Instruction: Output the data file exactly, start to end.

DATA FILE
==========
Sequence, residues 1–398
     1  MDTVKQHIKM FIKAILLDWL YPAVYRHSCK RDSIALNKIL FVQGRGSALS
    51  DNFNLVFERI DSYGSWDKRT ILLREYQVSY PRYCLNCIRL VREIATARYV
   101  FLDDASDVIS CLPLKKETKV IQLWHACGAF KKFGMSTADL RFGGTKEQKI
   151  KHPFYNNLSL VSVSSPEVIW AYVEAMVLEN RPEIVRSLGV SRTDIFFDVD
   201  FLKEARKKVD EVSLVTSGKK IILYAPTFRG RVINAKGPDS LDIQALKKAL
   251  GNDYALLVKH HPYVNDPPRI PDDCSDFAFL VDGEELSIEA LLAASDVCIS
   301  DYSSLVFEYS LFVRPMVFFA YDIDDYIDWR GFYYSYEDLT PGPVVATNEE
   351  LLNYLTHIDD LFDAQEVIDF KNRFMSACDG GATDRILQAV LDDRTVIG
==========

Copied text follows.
Sequence, residues 1–398
     1  MDTVKQHIKM FIKAILLDWL YPAVYRHSCK RDSIALNKIL FVQGRGSALS
    51  DNFNLVFERI DSYGSWDKRT ILLREYQVSY PRYCLNCIRL VREIATARYV
   101  FLDDASDVIS CLPLKKETKV IQLWHACGAF KKFGMSTADL RFGGTKEQKI
   151  KHPFYNNLSL VSVSSPEVIW AYVEAMVLEN RPEIVRSLGV SRTDIFFDVD
   201  FLKEARKKVD EVSLVTSGKK IILYAPTFRG RVINAKGPDS LDIQALKKAL
   251  GNDYALLVKH HPYVNDPPRI PDDCSDFAFL VDGEELSIEA LLAASDVCIS
   301  DYSSLVFEYS LFVRPMVFFA YDIDDYIDWR GFYYSYEDLT PGPVVATNEE
   351  LLNYLTHIDD LFDAQEVIDF KNRFMSACDG GATDRILQAV LDDRTVIG